All online games in China must be equipped with an "anti-indulgence system" before July 16, or they will not be allowed to continue operations.
Recent surveys show that most netizens in China surf the Internet 2 to 3 hours every day, and most online game players spend on average about 1 hour on gaming per day (63.5 percent). However, there are concerns that many users, particularly adolescents, are spending too much time and energy on gaming.
Therefore, the General Administration of Press and Publication has decided to develop an anti-indulgence system to control the unhealthy gaming habits of adolescents. In a game equipped with such a system, which has been proven effective in testing, an underage player will get only 50 percent of points and upgrades earned after more than three hours of game play in a single day. After five hours of play, the user will receive no points or upgrades.
The system was launched yesterday nationwide. From now on, online gamers are required to register with their IDs to confirm their ages. However, experts and netizens alike are still wondering if the system can really work.
It is currently impossible to detect if an underage user registers with an adult ID. Additionally, many may choose to play computer games rather than online games, which only require a single computer. There is no need to register and gameplay is unlimited. Even games like Counter-Strike or Command & Conquer: Red Alert, which require teamplay, can bypass the system by meeting with other players on private servers.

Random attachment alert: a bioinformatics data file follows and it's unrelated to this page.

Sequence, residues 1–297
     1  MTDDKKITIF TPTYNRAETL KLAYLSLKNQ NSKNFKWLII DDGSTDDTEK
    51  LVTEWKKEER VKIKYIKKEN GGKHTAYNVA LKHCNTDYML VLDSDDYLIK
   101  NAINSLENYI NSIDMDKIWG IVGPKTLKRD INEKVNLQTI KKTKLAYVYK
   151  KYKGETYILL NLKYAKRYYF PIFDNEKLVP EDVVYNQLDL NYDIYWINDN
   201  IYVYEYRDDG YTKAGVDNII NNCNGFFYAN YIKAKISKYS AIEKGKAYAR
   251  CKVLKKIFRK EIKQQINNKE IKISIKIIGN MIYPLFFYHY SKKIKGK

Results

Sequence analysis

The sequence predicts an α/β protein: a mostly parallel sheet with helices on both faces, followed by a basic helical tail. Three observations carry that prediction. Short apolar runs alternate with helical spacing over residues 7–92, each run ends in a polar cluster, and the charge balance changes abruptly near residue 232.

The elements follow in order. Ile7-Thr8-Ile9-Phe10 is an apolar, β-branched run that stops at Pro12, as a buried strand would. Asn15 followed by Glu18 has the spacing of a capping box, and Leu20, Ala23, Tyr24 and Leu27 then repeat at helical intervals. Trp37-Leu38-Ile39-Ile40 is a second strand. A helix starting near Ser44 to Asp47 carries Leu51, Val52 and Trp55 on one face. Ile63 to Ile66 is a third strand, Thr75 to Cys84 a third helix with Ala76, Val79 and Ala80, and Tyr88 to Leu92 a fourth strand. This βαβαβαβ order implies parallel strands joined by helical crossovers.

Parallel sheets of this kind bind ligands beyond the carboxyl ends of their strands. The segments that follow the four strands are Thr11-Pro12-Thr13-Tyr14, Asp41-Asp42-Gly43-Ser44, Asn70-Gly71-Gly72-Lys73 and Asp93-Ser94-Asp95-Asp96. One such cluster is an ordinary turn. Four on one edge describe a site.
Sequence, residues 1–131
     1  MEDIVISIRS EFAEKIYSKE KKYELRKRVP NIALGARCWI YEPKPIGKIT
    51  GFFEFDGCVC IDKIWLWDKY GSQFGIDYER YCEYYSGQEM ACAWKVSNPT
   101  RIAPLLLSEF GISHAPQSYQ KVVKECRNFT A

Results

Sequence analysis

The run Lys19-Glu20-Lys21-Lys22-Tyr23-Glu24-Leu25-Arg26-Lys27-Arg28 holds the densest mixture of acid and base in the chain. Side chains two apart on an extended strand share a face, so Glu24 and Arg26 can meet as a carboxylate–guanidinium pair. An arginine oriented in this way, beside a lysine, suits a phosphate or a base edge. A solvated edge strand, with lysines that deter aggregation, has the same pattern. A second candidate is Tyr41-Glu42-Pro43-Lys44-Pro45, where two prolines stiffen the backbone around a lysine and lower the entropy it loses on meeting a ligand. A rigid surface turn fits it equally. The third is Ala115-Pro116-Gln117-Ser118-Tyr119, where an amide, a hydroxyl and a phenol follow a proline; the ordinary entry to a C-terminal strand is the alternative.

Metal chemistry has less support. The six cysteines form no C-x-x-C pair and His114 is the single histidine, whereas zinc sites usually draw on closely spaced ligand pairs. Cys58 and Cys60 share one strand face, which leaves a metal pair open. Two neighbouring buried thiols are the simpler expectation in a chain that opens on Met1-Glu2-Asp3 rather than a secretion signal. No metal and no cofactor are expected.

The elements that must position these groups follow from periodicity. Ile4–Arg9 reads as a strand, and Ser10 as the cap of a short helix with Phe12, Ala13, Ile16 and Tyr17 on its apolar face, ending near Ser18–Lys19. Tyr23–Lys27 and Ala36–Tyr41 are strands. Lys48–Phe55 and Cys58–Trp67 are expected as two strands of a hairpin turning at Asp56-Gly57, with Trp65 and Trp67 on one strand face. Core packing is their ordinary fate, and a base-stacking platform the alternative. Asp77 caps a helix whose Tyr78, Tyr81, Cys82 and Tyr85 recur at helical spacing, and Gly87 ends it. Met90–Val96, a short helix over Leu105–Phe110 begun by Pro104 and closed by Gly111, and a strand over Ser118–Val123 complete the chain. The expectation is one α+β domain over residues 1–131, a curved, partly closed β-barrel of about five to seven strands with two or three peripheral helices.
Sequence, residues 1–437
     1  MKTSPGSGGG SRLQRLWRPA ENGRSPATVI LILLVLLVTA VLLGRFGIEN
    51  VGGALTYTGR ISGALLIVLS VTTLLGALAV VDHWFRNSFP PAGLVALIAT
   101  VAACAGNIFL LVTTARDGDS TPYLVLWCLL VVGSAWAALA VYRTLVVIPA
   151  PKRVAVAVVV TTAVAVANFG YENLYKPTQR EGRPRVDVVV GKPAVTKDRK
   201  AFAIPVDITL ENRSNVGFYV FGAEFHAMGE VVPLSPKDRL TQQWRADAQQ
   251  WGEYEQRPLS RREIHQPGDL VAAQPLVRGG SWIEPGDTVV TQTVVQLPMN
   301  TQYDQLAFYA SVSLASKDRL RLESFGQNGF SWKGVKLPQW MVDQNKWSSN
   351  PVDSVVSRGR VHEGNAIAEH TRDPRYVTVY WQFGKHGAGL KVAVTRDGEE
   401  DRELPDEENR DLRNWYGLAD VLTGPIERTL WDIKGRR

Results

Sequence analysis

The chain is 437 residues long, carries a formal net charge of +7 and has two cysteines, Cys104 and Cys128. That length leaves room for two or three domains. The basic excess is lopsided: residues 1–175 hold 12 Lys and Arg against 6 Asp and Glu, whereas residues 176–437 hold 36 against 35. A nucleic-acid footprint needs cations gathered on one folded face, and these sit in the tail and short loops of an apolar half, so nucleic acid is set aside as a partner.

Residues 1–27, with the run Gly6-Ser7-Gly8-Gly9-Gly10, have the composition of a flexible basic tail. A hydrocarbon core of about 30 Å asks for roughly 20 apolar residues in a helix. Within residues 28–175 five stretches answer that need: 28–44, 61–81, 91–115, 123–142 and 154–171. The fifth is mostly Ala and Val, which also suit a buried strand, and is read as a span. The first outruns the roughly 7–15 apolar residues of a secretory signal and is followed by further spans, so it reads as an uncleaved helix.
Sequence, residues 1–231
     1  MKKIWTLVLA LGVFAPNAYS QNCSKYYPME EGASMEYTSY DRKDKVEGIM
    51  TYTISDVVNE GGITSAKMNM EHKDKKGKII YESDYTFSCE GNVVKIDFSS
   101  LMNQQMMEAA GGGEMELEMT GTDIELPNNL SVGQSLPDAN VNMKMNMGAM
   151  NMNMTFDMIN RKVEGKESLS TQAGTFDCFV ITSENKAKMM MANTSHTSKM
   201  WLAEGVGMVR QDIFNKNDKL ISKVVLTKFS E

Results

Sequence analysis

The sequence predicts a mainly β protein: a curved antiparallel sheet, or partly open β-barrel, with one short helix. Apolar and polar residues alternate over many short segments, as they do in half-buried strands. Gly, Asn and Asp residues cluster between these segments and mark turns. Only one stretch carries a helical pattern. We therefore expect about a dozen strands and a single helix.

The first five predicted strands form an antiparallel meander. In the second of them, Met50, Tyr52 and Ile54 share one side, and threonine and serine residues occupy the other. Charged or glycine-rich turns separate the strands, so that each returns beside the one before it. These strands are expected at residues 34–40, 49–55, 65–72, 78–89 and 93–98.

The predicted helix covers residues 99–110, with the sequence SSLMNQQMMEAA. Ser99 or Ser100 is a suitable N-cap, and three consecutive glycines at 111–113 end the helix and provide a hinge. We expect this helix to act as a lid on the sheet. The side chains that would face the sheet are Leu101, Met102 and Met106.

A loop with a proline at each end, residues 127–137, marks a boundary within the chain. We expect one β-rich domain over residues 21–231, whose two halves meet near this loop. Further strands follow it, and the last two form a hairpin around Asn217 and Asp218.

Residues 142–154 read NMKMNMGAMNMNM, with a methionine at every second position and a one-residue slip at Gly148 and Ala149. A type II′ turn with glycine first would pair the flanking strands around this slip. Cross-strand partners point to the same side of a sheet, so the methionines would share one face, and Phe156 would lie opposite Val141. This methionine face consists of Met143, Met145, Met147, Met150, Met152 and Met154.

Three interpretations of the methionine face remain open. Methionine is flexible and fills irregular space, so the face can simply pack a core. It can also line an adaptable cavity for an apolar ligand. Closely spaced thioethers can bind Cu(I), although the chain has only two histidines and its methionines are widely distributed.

Aside from gaming, underage netizens will still be able to chat online and watch streaming TV or movies at any Internet cafe, because there is no "anti-indulgence system" to restrain those kinds of activities.
Some parents suggested to China.org.cn that the real move should be to strengthen government departments' scrutiny and administration on Internet cafes; otherwise, the so-called "anti-indulgence system" is nothing useful.
Ironically, on the same day when this system started operating, Beijing Netcom, a China Netcom Corp subsidiary, had to stop its new plan of cutting off lines for users who keep surfing online for over 48 hours.
The controversial plan, which was only instigated last Sunday by Beijing Netcom, has caused strong public outrage and criticism and was forced to come to an urgent halt, Beijing Business reported Tuesday.
The company later explained that their measure was intended to avoid prolonged use of broadband and avert unintended fees for customers. But many users felt the rule was unfair for those who hold a yearly or monthly contract with Beijing Netcom since their contracts give them the rights to enjoy extra time and services.
(Chinanews.cn, China.org.cn by Zhang Rui July 17, 2007)